Originally posted 30.03.14
Email sent to Phillip Adams 06.09.09
To Phillip Adams, host of Late Night Live, ABC Radio National, copied to John McDonald
Would you be interested in delivering a very serious blow against ‘god’, against time-serving academics in a dozy, servile culture and in so doing, delivering an immense blow for intellect, the love of knowledge and the freeing-up of the potential of the most advanced organisation of matter yet known to us in the universe – what we all have between our ears?
If so, I strongly urge you to consider contacting and interviewing on Late Night Live William Franke from Vanderbilt University regarding the 2 vol. anthology he edited – ‘On What Cannot be Said’.
Despite one student posting on RateMyProfessors.com ‘Dr. Franke is the most boring professor I have ever had. Every Tuesday and Thursday, I sit in the back of Benson 200 and wait for death. Also, he answers every question with “Yes, that’s a question, isn’t it?”‘ and despite his intent in his editorship being far more limited than the result he achieved, he has compiled a body of texts from Western religion, philosophy and arts that, together, have the potential to contribute most significantly to the above.
In his anthology Franke presents the history of mysticism in Western culture till now, the evidence that clearly indicates the degree to which it suffuses our culture and underlies and informs the work of many of our culture’s most significant figures and particularly, he addresses how it functions now, despite the denials of those who would be thought of as representatives of ‘reason’ and the new – when in fact they argue for mysticism and the ancient. Franke himself believes his anthology comfortably extends the academic corpus – he does not see the former’s liberating potential.
The teaching of mysticism is rejected from Australian universities – ‘If you want that’ those in ivory towers behind cloistered walls believe, ‘do not even stop at religious studies, go straight to a college of theology – you will find one at the dead end of the street.’
As a materialist (those who describe themselves as ‘physicalist’ or ‘realist’ cause me to think of a mouse trembling before a trap, the cheese on which is ‘materialist’, the trap being ‘communism’…) I argue that the failure to even know about and understand this theological current let alone to teach it (not to advocate it but to teach the analysis of it, the understanding of it) as fundamental to our culture, which analysis and understanding is again fundamental to moving forward in the most rounded way, is the most massive failure, the most massive display of determined ignorance, dishonesty and servility to the dominant ideology by generations of academics – those in philosophy and the arts hold the greatest responsibility.
In relation to ‘god’, the most sound way for knowledge to progress is not to deny the concept, to dismiss it, to mock it. Doing this rejects engagement with it and does not show respect either for the religious who believe in that concept (for the a-theists who reject it – because they describe themselves against it) or for the cultural achievements made in its name. It is to do as Franke has done. He not only traced the history of mysticism in the West, but thereby showed how the arguments in its maintenance developed. He let ‘what cannot be said’ speak for itself. To fully understand the work of so many, particularly those in philosophy and the arts who dissemble about their sources and influences, would be impossible without such work.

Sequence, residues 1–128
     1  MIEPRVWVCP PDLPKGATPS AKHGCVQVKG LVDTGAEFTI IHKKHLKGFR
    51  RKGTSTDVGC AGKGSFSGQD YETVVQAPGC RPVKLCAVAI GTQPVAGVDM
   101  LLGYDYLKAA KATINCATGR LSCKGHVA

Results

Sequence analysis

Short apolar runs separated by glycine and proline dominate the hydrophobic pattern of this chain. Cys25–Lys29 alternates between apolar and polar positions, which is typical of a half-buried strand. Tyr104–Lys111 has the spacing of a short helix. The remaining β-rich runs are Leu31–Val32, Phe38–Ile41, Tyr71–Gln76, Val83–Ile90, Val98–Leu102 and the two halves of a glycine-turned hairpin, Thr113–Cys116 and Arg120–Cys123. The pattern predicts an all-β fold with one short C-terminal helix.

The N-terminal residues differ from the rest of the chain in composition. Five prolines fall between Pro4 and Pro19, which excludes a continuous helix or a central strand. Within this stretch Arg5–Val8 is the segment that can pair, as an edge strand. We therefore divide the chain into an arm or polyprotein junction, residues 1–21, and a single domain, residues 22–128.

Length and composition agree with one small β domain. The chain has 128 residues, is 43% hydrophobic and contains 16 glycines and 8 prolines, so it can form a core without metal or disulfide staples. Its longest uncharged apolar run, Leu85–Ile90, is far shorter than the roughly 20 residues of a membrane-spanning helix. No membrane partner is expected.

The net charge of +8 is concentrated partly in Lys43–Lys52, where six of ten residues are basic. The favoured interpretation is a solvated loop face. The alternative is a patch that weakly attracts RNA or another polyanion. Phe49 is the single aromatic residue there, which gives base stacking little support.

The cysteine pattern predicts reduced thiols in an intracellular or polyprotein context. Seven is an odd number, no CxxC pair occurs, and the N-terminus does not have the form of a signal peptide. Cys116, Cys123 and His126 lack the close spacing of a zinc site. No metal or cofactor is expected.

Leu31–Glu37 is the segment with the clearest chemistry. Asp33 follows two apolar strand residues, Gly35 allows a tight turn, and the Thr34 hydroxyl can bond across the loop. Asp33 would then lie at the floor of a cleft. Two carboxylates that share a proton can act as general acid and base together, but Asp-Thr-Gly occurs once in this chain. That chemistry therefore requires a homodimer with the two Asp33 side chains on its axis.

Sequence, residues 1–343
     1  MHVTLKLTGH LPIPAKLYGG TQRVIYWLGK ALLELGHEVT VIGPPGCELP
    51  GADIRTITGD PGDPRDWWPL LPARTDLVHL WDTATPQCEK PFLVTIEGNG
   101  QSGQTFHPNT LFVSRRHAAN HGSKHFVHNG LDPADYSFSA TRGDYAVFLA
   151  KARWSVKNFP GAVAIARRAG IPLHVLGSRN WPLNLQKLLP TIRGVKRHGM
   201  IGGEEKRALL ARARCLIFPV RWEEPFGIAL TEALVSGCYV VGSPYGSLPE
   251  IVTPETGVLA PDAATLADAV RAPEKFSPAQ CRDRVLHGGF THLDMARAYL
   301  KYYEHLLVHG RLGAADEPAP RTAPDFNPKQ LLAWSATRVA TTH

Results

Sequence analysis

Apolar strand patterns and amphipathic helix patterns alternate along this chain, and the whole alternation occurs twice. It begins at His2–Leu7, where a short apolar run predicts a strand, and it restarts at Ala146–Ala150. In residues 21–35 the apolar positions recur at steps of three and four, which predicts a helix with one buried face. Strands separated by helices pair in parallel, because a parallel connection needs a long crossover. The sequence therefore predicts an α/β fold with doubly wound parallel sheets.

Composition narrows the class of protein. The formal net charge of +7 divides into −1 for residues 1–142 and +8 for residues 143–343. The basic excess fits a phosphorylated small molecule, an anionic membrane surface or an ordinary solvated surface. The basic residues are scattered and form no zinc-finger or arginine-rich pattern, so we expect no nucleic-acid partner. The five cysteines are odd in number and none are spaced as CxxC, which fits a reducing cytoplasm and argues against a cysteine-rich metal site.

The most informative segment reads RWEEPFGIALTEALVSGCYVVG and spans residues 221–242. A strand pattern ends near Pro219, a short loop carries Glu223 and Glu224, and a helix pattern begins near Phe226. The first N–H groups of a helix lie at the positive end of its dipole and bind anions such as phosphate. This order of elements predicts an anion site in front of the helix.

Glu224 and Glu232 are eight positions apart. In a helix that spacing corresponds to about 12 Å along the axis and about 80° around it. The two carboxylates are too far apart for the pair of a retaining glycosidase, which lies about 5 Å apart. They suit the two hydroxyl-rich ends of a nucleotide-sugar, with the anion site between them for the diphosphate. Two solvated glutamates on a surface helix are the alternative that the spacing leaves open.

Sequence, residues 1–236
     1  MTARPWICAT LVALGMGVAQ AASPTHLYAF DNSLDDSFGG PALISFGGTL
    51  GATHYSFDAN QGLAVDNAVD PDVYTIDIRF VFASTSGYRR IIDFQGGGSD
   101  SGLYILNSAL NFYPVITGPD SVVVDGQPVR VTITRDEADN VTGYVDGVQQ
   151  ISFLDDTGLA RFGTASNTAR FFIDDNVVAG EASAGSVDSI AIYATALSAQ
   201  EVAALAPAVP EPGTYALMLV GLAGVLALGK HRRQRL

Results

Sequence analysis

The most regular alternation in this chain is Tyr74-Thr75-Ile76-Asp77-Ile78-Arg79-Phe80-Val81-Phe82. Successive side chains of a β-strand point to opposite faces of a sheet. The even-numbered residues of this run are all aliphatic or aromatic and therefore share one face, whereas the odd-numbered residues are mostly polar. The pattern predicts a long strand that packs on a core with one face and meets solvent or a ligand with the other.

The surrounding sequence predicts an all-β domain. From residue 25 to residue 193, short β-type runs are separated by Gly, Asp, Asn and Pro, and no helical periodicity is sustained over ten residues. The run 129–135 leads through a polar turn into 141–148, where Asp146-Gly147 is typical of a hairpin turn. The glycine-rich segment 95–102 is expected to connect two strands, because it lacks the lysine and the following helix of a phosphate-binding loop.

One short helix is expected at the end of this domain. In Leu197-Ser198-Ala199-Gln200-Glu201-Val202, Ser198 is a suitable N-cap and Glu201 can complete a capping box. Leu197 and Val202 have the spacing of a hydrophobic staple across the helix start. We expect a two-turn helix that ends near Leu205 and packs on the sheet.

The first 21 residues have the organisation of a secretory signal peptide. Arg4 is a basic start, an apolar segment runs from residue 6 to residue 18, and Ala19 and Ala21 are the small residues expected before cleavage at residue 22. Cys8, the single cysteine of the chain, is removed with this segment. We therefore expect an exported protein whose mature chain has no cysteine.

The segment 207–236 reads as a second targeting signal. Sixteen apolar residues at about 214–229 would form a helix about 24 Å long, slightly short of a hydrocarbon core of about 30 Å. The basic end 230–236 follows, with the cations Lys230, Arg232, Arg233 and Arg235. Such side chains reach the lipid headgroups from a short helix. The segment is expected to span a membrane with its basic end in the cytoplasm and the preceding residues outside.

Of the greatest importance, in his two volumes, Franke has unerringly and unintentionally flushed out a concealed priesthood, a priesthood that argues it is doing nothing other than the most principled and often most abstract reasoning – a priesthood that often denies its belief. With this priesthood, Franke has flushed a living ‘god’ into the open. And behind this ‘god’ there stands a dominant class and the most fundamental question of all – which precedes which – consciousness/thought or ‘matter’ (that which exists independently of consciousness/thought)?
I have tried for 25 years to get academic support towards my analysis and exposure of the impact of this mystical current on the visual arts – and to date have met, in the end result, with the most adamantine commitment to the dominant bourgeois ideology re- this crucial subject from academics in the visual arts and philosophy.
I know of no university in this country where one of the greatest philosophers and aestheticians in the West (in terms of an impact comparable with that of Plato and Aristotle) – Plotinus – is taught. It is an outrage against intellect, an utter failure in social responsibility by time-serving academics in their guardianship of a crippled and crippling understanding of ‘reason’. To expose and exemplify the extent to which mysticism pervades what they believe to be the products of the best ‘reason’ and what it has inspired in philosophy and the arts must challenge their understanding of ‘reason’ itself – an understanding increasingly at odds with the exponential growth of knowledge in brain science.
A couple of weeks ago you interviewed Jane Montgomery Griffiths re- the Neoplatonist Hypatia. For the sake of doing something truly new for philosophy and the arts in this country – and that to begin with, I urge you to expand that focus immensely, beyond Hypatia, to address the current of which she was a part, and interview Franke on your program.